See the refutation of I.J. Gelb’s thesis in David Diringer, The Alphabet (New York: Funk & Wagnalls, 1968; 3rd edition), p. 166.
I made a similar argument at symposia on the Greek alphabet at Cornell University in 1979 and at the Institut Française in Athens in 1995. The Athens symposium, organized by the Greek Font Society, were published as Greek Letters from Tablets to Pixels, ed. Michael S. Macrakis (New Castle, DE: Oak Knoll Press, 1996).
Lillian Jeffrey, The Local Scripts of Archaic Greece (Oxford: Clarendon, 1961), p. 82.
J.N. Coldstream, Geometric Greece (London: Ernest Benn, 1977), pp. 68, 289.
The script of the Aramaic-Akkadian bilingual inscription from Tell Fahariyeh, Syria, which is usually dated to the third quarter of the ninth century B.C., contains some of the apparently archaic features noted in the early Greek scripts (see A. Abbou-Assaf, P. Bordreuil, and A.R. Millard, La Statue de Tell Fekherye et son inscription bilingue assyro-araméenne, Études assyriologiques 7 [Paris: Editions recherches sur les civilisations, 1982]). My guess is that the Aramaic text is the work of a scribe who was deliberately archaizing in emulation of what for him was already an ancient script.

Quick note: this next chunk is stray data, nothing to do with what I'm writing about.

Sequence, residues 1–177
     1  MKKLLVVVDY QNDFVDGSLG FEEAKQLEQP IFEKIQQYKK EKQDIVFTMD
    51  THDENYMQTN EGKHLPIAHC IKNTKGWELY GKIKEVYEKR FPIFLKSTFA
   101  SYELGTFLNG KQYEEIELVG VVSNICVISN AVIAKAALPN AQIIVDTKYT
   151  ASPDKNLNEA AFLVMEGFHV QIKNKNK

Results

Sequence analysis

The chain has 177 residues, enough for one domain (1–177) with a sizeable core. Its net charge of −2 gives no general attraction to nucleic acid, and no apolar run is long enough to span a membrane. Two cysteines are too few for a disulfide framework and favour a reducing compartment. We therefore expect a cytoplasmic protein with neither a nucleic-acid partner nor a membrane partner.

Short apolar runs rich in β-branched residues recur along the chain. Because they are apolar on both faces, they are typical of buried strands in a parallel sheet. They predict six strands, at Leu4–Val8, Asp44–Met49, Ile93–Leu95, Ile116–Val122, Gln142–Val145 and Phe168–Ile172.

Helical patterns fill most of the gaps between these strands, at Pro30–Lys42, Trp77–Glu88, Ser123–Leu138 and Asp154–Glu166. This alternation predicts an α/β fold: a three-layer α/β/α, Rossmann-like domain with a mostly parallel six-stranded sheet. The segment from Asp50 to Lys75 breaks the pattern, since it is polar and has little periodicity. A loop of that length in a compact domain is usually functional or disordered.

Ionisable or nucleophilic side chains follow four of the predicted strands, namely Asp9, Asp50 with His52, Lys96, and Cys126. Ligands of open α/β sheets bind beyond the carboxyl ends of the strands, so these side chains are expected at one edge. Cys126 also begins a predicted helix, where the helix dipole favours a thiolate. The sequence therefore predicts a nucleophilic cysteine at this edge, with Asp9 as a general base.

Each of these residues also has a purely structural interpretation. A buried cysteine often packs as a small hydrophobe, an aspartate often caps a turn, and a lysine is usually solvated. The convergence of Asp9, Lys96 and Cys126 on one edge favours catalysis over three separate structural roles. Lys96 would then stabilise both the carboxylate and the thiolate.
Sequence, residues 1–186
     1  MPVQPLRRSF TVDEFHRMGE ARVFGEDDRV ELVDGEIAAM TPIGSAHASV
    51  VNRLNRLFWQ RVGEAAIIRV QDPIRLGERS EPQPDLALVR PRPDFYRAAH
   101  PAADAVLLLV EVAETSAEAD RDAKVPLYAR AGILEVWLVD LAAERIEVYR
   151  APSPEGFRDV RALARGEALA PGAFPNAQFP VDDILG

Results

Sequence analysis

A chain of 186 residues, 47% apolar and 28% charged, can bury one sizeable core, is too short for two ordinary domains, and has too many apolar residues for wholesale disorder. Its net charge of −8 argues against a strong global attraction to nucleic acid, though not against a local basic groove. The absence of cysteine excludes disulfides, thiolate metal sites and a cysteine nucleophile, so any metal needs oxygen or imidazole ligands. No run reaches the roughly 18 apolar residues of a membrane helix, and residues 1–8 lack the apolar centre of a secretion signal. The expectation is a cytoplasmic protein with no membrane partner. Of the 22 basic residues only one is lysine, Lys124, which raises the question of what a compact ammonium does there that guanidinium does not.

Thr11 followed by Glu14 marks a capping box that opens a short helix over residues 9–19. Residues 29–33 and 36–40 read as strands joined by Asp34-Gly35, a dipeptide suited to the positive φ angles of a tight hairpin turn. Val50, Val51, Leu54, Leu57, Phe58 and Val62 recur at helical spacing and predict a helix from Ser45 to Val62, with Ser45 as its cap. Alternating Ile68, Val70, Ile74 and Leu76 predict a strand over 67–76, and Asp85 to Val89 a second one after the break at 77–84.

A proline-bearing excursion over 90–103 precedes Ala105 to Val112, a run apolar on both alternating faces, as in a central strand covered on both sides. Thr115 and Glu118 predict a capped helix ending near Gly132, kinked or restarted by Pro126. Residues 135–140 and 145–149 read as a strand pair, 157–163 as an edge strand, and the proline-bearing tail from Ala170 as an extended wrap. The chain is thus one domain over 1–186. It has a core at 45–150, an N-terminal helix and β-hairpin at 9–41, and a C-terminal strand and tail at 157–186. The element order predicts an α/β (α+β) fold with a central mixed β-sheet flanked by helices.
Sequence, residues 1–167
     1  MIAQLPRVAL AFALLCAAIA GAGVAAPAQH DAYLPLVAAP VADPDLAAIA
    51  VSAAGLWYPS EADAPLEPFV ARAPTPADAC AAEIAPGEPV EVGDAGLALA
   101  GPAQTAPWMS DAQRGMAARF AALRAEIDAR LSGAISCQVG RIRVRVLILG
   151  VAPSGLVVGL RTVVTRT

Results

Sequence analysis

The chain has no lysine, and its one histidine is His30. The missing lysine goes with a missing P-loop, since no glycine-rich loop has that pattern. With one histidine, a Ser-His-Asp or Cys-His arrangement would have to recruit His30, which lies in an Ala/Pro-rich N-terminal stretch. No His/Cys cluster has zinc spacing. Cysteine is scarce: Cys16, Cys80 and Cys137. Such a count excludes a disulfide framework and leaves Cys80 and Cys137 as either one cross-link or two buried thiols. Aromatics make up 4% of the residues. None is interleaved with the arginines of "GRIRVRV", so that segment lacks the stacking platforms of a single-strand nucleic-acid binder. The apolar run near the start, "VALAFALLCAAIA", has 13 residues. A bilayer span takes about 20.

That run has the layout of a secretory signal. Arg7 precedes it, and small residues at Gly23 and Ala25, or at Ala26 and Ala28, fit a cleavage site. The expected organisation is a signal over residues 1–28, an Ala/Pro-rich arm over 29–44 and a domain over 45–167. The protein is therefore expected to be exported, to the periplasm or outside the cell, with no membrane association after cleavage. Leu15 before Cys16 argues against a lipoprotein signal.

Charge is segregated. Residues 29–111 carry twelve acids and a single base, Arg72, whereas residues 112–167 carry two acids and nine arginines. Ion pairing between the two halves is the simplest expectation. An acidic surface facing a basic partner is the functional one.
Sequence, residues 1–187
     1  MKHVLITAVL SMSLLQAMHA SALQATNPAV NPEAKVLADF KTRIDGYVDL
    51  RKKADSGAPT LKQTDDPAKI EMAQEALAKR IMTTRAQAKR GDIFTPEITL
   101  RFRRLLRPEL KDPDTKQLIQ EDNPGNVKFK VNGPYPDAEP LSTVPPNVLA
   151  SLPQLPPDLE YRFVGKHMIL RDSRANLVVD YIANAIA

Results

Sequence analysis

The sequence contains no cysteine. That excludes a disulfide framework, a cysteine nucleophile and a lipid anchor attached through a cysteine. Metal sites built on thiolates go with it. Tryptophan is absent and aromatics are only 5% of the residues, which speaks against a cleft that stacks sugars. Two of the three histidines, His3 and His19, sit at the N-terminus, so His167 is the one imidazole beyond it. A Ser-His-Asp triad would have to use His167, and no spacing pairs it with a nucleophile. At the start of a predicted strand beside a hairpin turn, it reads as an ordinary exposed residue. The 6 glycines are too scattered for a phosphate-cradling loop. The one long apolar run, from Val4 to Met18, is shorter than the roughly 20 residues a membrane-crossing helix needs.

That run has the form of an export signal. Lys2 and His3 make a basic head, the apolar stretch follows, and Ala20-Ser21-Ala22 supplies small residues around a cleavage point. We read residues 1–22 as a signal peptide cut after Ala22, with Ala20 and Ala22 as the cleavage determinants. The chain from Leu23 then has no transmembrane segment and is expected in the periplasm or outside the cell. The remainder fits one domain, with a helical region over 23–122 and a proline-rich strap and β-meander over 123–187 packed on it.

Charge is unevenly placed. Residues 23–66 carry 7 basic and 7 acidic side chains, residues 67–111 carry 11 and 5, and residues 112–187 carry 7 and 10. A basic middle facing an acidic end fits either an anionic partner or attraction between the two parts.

Joseph Naveh, “Some Semitic Epigraphical Considerations on the Antiquity of the Greek Alphabet,” American Journal of Archaeology 77 (1973), pp. 1–8.
Robert R. Stieglitz argues for a 14th-century B.C. date in “The Letters of Kadmos: Mythology, Archaeology, and Eteocretan” (Pepragmena tou d’Diethnous Kreµtologikou Synedriou (Heµrakleio, 29 Augoustou–3 Septembriou 1976) [Athens, 1981]); and Martin Bernal sets the limits between 1750 and 1400 B.C. (Cadmeian Letters [Winona Lakes, Indiana: Eisenbrauns, 1990]).